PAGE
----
C: Ohh. Okay.

D: Gets so bad sometimes that I have keep my hands on my box all the time, just to stop her from going after the first guy that comes around.

C: Like me.

D: Exactly!

C: What's in the box?

D: Nothing. Uhhh... just a... box.

C: Really? How did it jump at me like that?

D: Well, she's a very curious box, she'll jump on almost any man, she'll even jump at women.

C: Ohh... but how? What's inside your box?

D: Nothing. Nothing at all.

C: You expect me to believe that your box is alive.

D: Yes... she's very much alive.

C: Why were you sleeping with your box outside, in a park?

D: Well, I was tired. Of course.

C: Why didn't you just go home and take a nap?

D: Well... okay... let me be honest with you.

C: Okay.

D: This isn't my box.

C: No?

D: No.... it's my friend Angela's...

C: Angela?

D: Yes, she's very busy today, and so I've beeen watching her box for her.

C: That's commendable.

D: Except, I can't control her box like I thought I could. It attacked me.

C: Okay.

D: I had to hold it down, or it would just keeping running after me and going for my legs.

C: So, you can't let go of this box?

D: No, it will jump at me, and I don't know what's under there?

C: So there is something in the box?

D: I'm guessing so; most boxes I know don't attack people.

C: But you have no idea what it is?

D: No. Not a clue.

C: It's not your friend's box, is it?

D: No... but I didn't want you to think I was one of those women who play with random boxes.

C: I fail to see how that's a stereotype that I would've even considered.

D: Plus...

C: Yes?

D: I've been holding this box for a really long time, my knees hurt, my back hurts, but I'm too afraid to let it go.

C: Okay, why don't we take care of the easy stuff first? I'll be right back. (starts to exit)

D: No, don't leave me here again!

C: I'll be right back, I promise. (exits)

D: Stupid box. Why can't you be like other boxes I know?

C: (re-enters, carrying large rock) Here we go. (puts rock on top of box)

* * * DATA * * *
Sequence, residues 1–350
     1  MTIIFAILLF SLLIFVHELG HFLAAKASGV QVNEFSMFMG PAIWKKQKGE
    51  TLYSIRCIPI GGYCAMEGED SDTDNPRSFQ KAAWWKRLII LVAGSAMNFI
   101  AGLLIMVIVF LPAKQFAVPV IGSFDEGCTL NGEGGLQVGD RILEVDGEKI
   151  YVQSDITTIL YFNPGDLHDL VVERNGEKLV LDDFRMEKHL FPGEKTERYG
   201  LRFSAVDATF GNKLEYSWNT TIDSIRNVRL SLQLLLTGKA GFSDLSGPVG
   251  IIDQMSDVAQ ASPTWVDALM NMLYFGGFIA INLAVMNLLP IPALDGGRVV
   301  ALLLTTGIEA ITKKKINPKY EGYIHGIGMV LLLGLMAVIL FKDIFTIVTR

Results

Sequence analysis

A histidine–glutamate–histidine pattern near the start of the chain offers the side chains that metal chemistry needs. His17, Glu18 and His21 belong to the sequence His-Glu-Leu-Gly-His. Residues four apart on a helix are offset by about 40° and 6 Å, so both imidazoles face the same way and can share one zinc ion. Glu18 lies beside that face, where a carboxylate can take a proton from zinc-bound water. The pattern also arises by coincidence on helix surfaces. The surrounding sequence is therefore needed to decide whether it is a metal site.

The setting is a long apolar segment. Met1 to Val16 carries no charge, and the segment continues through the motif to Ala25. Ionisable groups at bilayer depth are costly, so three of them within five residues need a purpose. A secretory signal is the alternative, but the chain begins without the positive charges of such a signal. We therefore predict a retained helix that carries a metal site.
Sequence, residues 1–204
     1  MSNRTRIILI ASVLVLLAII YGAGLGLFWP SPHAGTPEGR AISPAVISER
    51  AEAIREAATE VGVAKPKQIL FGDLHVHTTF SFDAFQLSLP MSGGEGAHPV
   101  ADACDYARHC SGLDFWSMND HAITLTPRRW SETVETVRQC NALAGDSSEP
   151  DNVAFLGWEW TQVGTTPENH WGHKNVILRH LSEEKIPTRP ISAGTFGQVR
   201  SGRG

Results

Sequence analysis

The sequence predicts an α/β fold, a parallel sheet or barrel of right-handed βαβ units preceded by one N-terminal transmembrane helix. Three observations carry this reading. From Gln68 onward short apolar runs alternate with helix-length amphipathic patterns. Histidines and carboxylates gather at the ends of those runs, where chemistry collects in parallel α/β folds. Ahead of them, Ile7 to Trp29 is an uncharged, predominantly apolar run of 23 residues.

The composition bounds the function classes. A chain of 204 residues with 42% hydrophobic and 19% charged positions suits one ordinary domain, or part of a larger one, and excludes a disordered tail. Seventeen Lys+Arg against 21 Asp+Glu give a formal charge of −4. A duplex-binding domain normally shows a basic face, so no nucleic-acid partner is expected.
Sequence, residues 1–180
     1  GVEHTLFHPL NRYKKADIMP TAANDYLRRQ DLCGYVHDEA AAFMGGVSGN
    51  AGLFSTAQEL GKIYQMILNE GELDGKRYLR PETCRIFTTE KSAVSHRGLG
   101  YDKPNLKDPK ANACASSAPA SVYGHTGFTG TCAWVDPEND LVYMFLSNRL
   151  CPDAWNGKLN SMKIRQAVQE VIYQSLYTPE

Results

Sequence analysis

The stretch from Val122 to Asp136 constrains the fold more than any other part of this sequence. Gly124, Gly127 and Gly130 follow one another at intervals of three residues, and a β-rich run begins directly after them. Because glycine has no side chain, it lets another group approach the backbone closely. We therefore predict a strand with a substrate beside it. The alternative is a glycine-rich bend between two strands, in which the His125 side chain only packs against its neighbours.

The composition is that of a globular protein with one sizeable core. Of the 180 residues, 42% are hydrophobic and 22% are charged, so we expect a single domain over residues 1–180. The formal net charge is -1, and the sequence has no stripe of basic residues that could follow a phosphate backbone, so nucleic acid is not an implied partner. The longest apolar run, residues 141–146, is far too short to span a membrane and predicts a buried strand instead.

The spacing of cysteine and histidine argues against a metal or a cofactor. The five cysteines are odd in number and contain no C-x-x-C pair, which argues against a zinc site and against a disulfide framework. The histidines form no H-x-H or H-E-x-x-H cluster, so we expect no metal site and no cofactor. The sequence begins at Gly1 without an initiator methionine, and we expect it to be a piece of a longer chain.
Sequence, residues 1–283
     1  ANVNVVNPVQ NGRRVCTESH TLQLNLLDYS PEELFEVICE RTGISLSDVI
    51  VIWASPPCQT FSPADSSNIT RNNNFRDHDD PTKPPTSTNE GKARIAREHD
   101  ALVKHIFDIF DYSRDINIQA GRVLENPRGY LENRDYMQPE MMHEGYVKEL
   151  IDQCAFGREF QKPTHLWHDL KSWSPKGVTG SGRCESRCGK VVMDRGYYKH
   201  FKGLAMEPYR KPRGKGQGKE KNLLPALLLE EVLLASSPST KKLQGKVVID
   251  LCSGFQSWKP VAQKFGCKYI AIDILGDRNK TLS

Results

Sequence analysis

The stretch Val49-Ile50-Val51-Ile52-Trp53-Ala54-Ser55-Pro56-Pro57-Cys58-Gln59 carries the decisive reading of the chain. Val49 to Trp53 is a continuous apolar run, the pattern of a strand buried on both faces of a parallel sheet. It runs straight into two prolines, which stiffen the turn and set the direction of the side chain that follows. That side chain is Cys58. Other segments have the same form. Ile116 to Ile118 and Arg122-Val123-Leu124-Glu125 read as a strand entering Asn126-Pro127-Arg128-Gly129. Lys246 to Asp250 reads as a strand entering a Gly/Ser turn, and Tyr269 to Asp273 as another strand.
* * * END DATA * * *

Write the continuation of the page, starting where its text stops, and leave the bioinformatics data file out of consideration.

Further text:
D: (removing hands, stretching upward) Why didn't I think of that? Thank you so much.

C: Now, what's in the box?

D: I really don't know. What's your name?

C: Cullen. It's got to be a small animal of some kind.

D: Do people call you Cully?

C: No. It might be rabid, acting like this.

D: Why are you so dressed up?

C: I'd rather not say. We'll have to figure out a way to let it free.

D: You look very nice. Were you at a wedding?

C: No. Yes. I was. My own.

D: Ohhh... (disappointed) You just got married? Congratulations!

C: Thanks, but no. My bride never showed. I got a call saying she couldn't go through with it. That was it.

D: Ohhh... (relieved) I'm so sorry. That's horrible!

C: Yeah, I know. I've been walking around for the past hour, trying to sort it out.

D: And then I annoy you with my box problems...

C: Hey, I'm the one who woke you up, remember?

D: Oh yeah... but any way... Why don't we just leave the box there, and I can walk with you and help you sort things out.

C: I don't want to be cruel to some poor animal. It won't survive under there.

D: Someone else will come along and...

C: Be attacked if it's rabid? No thanks. We need to do something.

D: What?

C: Listen, you go get a stick, a good one, thick.

D: Okay. (exits)

C: (removes rock while stepping on box flaps to keep the box in place) Okay, now...

D: (returning, brandishing heavy stick) Got one.

C: You stand near the box, be ready to hit the animal if it tries to attack us. I'm going to flip the box over, okay... ready?

(C flips the box so it's right side up, D whacks out with the stick hitting C very hard right in the shin, C crumples to the ground)

D: Ahhhh! Sorry! Sorry! Sorry! Ohmigod! I'm so sorry, Cully! I didn't mean... I saw your shoe and it looked like... I'm so sorry!

C: (in pain) It's okay... okay, I'm alright, I'm alright... (tries to stand)